Mark Treiber

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April 25, 2014
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‘Be prepared’ ­— it can save you money

Everyone knows the Boy Scout motto “Be Prepared”. That’s good advice when it comes to your mortgage, too. During the next few years, $352 billion in adjustable rate home equity lines of credit will transition from the draw period (that time when the line of credit functions like a credit card) to the repayment period (that time when the line functions just like a typical closed end mortgage). The draw period and the repayment time period varies between lenders but typically the draw is 10 years and the repayment is 15 years in duration. It’s important to be aware of how this transition will affect your personal finances.

This transition to the repayment period is very important because it means that your HELOC payment will almost certainly increase. During the draw period, homeowners typically only pay the interest due on the outstanding debt. The interest rate on HELOCs is almost always an adjustable rate based upon the Prime Rate (as published in the Wall Street Journal) or the LIBOR index (London Inter-Bank Offer Rate). LIBOR is a lot like the Discount Rate here in the U.S. because it is the rate that banks charge each other for loans. These “indexes” can be found at www.mortgage-x.com or www.fedprimerate.com. Some lenders will allow the borrower to convert their HELOC to a fixed interest rate that is typically a few percent higher than the current rate for first mortgage loans.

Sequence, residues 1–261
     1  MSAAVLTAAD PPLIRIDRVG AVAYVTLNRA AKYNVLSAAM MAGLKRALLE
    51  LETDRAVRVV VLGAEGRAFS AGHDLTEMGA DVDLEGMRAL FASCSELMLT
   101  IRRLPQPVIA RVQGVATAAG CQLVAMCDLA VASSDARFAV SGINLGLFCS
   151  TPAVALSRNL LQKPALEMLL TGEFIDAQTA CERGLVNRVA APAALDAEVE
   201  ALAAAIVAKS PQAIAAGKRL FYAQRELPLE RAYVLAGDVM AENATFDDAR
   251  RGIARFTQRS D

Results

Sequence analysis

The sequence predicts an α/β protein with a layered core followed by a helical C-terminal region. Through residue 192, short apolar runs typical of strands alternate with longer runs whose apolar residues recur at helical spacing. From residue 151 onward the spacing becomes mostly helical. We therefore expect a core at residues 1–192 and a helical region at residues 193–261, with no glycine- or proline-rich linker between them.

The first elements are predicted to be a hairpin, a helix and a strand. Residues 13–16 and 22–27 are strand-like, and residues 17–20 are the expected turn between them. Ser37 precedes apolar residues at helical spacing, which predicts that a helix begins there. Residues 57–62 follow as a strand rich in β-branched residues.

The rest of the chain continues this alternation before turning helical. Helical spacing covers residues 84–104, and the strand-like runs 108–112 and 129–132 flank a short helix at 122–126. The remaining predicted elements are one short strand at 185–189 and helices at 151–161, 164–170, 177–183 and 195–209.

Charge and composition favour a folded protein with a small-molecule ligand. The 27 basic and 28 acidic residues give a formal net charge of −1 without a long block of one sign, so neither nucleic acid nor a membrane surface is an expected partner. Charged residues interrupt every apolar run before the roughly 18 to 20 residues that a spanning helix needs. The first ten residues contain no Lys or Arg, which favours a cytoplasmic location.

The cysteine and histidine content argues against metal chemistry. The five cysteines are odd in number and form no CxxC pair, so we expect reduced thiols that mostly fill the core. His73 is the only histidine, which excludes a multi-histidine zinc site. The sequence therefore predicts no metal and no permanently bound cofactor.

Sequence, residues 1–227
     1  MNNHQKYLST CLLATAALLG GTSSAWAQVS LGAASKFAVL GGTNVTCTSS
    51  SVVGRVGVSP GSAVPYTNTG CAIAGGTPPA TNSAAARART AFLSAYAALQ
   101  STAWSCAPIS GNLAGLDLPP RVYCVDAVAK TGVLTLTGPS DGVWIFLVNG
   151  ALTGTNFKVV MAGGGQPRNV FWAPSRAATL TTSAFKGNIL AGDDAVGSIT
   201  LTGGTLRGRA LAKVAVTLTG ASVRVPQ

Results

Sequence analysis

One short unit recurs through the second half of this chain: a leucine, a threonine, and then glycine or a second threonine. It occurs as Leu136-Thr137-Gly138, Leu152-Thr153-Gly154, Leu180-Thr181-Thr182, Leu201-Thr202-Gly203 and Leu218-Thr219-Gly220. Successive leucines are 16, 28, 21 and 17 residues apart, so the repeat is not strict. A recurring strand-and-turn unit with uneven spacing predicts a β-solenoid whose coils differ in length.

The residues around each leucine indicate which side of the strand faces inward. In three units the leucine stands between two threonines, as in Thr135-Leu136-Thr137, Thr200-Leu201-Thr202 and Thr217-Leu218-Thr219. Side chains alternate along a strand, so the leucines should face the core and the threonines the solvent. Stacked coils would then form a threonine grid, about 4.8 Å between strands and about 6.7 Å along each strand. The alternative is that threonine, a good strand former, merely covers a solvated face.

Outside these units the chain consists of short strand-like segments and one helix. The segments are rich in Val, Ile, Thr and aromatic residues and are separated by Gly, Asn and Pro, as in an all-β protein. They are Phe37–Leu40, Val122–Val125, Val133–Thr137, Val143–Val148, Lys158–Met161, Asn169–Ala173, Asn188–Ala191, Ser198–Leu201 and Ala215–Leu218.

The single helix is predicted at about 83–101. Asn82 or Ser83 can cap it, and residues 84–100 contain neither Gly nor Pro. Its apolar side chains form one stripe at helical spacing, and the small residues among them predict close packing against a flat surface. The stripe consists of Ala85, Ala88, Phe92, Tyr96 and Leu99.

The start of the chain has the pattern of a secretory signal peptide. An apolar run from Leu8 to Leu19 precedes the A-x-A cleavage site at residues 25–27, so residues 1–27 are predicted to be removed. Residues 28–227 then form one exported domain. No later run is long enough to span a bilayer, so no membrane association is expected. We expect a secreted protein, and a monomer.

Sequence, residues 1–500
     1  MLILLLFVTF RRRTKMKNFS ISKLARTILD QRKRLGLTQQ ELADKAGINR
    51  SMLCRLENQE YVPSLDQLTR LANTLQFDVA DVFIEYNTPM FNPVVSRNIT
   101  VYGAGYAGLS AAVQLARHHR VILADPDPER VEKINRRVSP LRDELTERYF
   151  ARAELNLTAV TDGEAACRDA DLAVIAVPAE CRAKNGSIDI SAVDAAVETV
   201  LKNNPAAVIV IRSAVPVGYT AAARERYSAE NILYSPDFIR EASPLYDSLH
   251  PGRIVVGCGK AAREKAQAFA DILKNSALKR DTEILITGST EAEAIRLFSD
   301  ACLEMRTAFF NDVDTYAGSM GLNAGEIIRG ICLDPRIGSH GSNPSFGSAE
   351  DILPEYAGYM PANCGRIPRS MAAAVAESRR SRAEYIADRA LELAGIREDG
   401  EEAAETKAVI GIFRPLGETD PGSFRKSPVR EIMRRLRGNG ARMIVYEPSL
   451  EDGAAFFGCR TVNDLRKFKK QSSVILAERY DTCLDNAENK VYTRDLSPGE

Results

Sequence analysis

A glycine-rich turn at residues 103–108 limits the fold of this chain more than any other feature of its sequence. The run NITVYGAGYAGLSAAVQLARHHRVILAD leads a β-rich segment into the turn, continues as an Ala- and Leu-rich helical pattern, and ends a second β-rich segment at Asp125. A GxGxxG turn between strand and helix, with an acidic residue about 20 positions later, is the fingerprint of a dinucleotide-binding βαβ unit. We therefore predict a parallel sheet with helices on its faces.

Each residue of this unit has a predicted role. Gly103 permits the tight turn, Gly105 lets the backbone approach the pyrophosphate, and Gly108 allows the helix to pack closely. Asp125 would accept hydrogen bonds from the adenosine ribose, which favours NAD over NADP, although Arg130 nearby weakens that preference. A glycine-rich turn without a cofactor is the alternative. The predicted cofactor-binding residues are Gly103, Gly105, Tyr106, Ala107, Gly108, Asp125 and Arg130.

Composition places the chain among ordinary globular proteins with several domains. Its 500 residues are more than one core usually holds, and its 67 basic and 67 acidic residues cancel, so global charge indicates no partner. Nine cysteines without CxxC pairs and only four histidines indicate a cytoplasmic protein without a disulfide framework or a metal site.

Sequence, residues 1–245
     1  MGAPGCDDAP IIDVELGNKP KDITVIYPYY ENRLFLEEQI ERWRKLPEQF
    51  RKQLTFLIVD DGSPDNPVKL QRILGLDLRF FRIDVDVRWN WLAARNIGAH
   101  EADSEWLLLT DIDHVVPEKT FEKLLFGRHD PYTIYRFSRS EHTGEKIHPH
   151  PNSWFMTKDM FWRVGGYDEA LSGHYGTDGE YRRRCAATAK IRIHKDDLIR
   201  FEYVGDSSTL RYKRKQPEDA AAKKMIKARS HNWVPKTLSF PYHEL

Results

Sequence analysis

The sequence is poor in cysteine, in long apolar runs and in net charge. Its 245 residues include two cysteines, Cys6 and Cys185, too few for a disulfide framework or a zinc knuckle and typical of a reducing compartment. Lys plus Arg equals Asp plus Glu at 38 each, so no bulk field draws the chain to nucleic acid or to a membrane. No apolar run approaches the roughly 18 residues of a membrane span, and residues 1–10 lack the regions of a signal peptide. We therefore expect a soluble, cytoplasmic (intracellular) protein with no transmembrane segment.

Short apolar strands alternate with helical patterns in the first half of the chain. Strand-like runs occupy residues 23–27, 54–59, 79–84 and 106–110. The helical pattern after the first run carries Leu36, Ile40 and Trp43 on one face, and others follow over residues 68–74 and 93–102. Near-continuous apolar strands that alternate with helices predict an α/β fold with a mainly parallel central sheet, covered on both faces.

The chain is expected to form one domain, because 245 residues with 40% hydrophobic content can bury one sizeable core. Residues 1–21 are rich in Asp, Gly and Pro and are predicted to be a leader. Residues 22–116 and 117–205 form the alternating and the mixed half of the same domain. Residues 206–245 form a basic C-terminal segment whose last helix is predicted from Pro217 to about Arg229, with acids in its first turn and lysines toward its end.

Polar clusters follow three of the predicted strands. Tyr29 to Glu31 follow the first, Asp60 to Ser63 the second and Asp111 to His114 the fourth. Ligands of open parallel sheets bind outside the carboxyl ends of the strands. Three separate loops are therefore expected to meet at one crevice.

Citibank alone has over $14 billion HELOCs that will transition into the repayment period between now and 2017, so they have a genuine interest in how this process unfolds. Citibank management estimates that the typical monthly payment could increase by an average of about $400 per month. They estimate that the typical HELOC payment will increase by 170 percent so it makes sense to plan for this increase. You could contact a reputable, knowledgeable mortgage lender to discuss converting the outstanding balance to a fixed rate or you could consider refinancing your first mortgage to pay off the HELOC and convert to a lower fixed interest rate.

That 170 percent increase that Citi estimated seemed high so I did some calculations based upon figures more representative of our market here in Lake Tahoe and the Carson Valley. Using historical interest rate cycles and government projections from the CBO as a guide, it’s reasonable to expect rates to rise by the summer of 2015 and likely double (at least) by their estimated peak in 2024. A $100K HELOC priced at Prime plus 1.0 percent results in an interest-only payment (during the draw period) of $354 / month. With no increase in interest rates the payment will increase to $752 per month when the loan converts to a fully-amortized 15 year mortgage during the repayment period. But with rates rising, your payment will also increase – a two percent increase in the Prime Rate (very likely in the next five to 10 years) will have a noteworthy impact on your HELOC payment. Even just a two percent increase in interest rates can add up to a big and potentially unnecessary expense over the 15 years repayment period.

It’s important to be aware of how your HELOC payment will increase when the line of credit converts to a regular mortgage during the repayment period. With interest rates still very low, your options are still attractive. But if you wait too long and interest rates increase, your options will be much less inviting. So remember that old Boy Scout motto and you just might save yourself significant money over the next fifteen years.

Mark Treiber is a senior mortgage originator with One Trust Home Loans, 297 Kingsbury Grade, Suite 207, Stateline.He can be reached at 775-671-3952.


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Tahoe Daily Tribune Updated Apr 25, 2014 05:21PM Published Apr 25, 2014 11:12AM Copyright 2014 Tahoe Daily Tribune. All rights reserved. This material may not be published, broadcast, rewritten or redistributed.